O R C H I D HE A L T H The Diagnosis: Bacterial or Fungal Disease Orchid bacterial and fungal diseases can develop quickly and spread rapidly if not promptly detected and treated. If all of your orchid’s leaves have fallen off, your plant will not recover. If the leaves are still in tact, begin treating by isolating the orchid from other plants and removing infected foliage using a sterilized cutting tool. Next, spray your orchid with a broad-spectrum, high quality fungicide, following package instructions. Do this even if you suspect a bacterial infection because your plant has a greater risk of developing a secondary infection. Move your orchid to a room with improved air circulation, lower humidity and daily temperatures between 65 and 80 degrees Fahrenheit.

The Diagnosis: Spider Mites Don’t let the word spider scare you; spider mites are easily controlled. First, isolate the infected plant from all others. Next, destroy any traces of web underneath orchid leaves. Then, spray or wipe horticultural oil or insecticidal soap (found at any garden center) diluted with water onto the leaves. Continue this treatment once a week for at least three weeks.



Examining Your Other Leaf Concerns A change in leaf color isn’t the only thing that concerns orchid enthusiasts. Other changes to leaf appearance raise additional questions about the health of the plant. These changes include:

Wrinkled or Limp Leaves Leaves look a little droopy? The easiest way to know what’s happening with your orchid is to check the roots. Shriveled, small roots mean your plant is not getting enough water or humidity. Rehydrate your orchid by making a humidity tray or by removing the plant from its decorative pot and running water through the grower pot for a few minutes.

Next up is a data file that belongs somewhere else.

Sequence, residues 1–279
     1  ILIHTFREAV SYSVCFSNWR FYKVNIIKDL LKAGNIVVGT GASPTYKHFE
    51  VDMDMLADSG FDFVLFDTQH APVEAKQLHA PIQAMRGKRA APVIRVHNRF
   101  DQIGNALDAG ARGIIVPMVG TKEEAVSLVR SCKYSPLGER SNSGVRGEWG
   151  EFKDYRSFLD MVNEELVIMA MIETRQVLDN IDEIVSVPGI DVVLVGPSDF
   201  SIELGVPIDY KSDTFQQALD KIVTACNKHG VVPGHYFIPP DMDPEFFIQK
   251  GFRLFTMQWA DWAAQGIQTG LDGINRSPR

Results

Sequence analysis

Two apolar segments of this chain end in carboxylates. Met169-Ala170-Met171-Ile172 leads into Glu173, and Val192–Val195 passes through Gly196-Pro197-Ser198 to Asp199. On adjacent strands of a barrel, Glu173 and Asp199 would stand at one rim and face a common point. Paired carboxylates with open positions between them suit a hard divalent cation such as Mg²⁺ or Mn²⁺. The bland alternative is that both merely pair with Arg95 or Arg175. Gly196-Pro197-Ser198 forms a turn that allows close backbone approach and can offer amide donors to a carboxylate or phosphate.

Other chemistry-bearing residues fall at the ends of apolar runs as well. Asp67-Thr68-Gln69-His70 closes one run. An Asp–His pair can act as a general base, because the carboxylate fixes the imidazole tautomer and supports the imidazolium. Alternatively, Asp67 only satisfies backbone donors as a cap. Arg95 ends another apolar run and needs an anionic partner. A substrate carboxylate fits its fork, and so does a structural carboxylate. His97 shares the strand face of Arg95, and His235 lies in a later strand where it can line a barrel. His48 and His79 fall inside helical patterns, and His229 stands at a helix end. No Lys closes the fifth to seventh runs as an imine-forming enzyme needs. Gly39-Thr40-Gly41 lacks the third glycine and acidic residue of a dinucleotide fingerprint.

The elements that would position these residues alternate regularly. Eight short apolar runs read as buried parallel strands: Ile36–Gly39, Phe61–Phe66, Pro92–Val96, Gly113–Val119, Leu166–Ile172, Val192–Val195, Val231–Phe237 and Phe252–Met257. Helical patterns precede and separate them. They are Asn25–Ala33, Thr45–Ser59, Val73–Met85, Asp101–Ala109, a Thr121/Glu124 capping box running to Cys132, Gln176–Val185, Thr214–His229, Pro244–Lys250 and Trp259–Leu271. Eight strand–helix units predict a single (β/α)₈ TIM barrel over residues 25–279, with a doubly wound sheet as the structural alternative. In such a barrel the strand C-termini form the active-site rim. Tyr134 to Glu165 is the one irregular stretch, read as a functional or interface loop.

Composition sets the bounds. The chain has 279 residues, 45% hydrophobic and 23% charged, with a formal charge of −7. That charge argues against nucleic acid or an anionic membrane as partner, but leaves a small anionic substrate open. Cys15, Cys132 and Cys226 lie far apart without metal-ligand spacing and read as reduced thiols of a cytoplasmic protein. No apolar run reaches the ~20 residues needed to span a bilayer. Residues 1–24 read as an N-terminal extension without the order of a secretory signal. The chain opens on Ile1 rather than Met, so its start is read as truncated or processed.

Sticky Leaves A sticky substance can sometimes form on the leaves in the fall when temperatures are cooler. The substance is not harmful to your orchid and can be removed by gently wiping the leaves with a warm, wet towel. Scale pests, which appear as white bumps along the leaves and flower spike, can also secrete a sticky substance. Scale pests can be controlled with a light spray of horticultural oil or insecticidal soap.

Split Leaves Split or cut leaves do not cause any harm to your orchid.


O R C H I D HE A L T H Small Leaves Orchid leaves come in all sizes; however, if you notice new leaves are much smaller than the leaves that came before, this may indicate your orchid isn’t able to devote adequate energy to leaf development. De-stress your orchid by adjusting temperature levels and light exposure. Also examine the orchid’s media to determine if it needs repotting.

No Leaves! If your orchid can’t seem to grow new leaves at all, it may be suffering from a phosphorus or nitrogen deficiency. Give your orchid a boost by increasing fertilizer applications to every other week. If your leaves have fallen off due to disease or extreme sunburn, nothing more can be done to save your orchid.

Observing your orchid’s leaves gives you a powerful foresight into your orchid’s future. To keep your orchid at peak health, keep a sharp eye for changes in color and texture, and reference this guide to render the proper treatment.

It’s Just That Simple.